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  • Andy Bradley

Transfer the project risk.... What could possibly go wrong.....?


So, you've got a project... It's a relatively complex project with a tight site and a tighter budget....

What's new...? What could possibly go wrong?

You picked the best design team. They weren't the cheapest... no, in fact, they were the 2nd cheapest out of 10 who submitted their competition entry.... What could possibly go wrong?

The design team is made up of world class firms, shaping better planets, thinking big about cities, doing lots of great research with thought leaders all over the place, they even had more diversity than the Rio de Janeiro Mardi Gras.... What could possibly go wrong?

The design team did a great job, developed a fantastic looking set of documents - shiny covers and everything! They even delivered a decent looking BIM model which you looked at through your super cool Hololens goggles... What could possibly go wrong?

You then opted to make things super safe for yourself and transferred the risk to the contractor by signing him up on a GMP with final responsibility for design, weather, geo-political events and any liability associated with an alien invasion. What could possibly go wrong?

To further minimise your risk, you then novated the design team to the builder. Ha!! He was now responsible for any errors made by the design team (even though the virtual model's clash detection software gave everything the thumbs up...)

What could go possibly go wrong??

So, you're now sitting 6 months into the project and the Contractor is telling you that there's an issue.... WTF?!?! You transferred all responsibility to him! Why is he telling you there's an issue.....???!?!?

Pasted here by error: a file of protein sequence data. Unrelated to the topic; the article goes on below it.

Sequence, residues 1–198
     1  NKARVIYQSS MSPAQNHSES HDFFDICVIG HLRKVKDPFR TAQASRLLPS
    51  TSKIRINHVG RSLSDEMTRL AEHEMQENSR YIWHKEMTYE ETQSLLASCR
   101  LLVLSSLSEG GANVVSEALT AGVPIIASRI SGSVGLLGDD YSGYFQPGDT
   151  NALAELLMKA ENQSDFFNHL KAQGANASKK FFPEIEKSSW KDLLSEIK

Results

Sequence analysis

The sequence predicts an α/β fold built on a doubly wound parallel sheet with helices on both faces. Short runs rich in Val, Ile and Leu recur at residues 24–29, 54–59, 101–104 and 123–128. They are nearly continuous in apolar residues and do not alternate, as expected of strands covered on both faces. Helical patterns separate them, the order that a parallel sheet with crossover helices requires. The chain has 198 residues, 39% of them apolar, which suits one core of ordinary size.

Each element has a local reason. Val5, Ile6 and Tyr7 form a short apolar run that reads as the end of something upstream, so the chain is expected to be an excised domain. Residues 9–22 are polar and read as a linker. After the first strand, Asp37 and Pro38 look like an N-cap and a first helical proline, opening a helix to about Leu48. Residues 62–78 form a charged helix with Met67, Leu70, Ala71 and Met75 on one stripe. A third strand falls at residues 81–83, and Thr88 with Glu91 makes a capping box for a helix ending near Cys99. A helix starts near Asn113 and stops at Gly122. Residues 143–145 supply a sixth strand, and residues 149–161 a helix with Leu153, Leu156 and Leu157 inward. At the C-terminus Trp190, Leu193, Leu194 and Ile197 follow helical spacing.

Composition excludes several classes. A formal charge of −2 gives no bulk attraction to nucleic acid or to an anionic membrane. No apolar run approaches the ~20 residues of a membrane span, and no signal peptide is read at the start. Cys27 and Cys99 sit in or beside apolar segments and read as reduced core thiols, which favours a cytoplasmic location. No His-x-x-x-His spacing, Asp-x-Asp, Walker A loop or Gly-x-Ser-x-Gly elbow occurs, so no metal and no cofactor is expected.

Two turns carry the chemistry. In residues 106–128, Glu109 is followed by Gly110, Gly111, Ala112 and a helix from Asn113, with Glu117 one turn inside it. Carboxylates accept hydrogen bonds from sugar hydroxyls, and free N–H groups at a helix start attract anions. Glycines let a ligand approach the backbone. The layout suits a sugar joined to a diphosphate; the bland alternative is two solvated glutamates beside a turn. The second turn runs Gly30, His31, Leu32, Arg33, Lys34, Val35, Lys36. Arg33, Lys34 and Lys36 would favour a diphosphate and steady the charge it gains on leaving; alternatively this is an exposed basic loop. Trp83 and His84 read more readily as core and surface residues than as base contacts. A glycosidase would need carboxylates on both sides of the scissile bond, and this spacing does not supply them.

He says that there are "cost / programme / technical" issues that weren't picked up by anyone. You're flummoxed.... How can this be? You transferred all the risk.... The Contractor has had 2 contracts managers working on the job since the start and they are presenting you with a heap of evidence showing that there were gaps in the tender docs and the contract which were either "unforseen" or "non-documented"....

So, you turn to your design design team....yes YOUR design team.....They'll help you. They told you all those fantastic things they do and how they operate etc etc.

errrr, "sorry" they say, "cant help mate. We're novated now. The Contractor wont permit us to talk to you". This gets you really frustrated as you employed them, however you probably should realise that those poor guys havent been paid by the Contractor for 3 months and are now running at a massive loss on the project.

Aaarrghh how has this happened?? You transferred all the risk.....

Well, bad news.... There is no such thing as transferring all the risk....

The Contract you signed the Contractor up to referenced a Brief or a set of design documents....These were produced by your design team (or, Contractually, YOU).

The Contractor has now slapped in a 3 month delay and his first variation of many.... He's also saying there are "Scope Gaps", "Latent / unforseen issues" and "Technical Errors". He's priced all these issues and it's looking like a $10m blowout.

However, all is not lost, his subbies have come back to him with some alternative options.... He says they have the expertise, have spoken to their suppliers and believe that they have a much better solution for the facade / HVAC /Lighting / BMS / Ceilings (choose any one).

He presents the "Value Engineered" solution. It all seems sensible. They're saying it meets the BCA and is $150k cheaper than the "consultants overdesigned scheme".... He leaves that statement hanging there, just for effect..... You make a mental note to publicly execute the consultant in the town square for wasting so much of your time.

At this stage, you dont have any option but accept all of the the Value Engineering options. This gets you back (nealry) on budget.... He can give you a nice schedule of changes. He can even get new Form 15s for the revised design.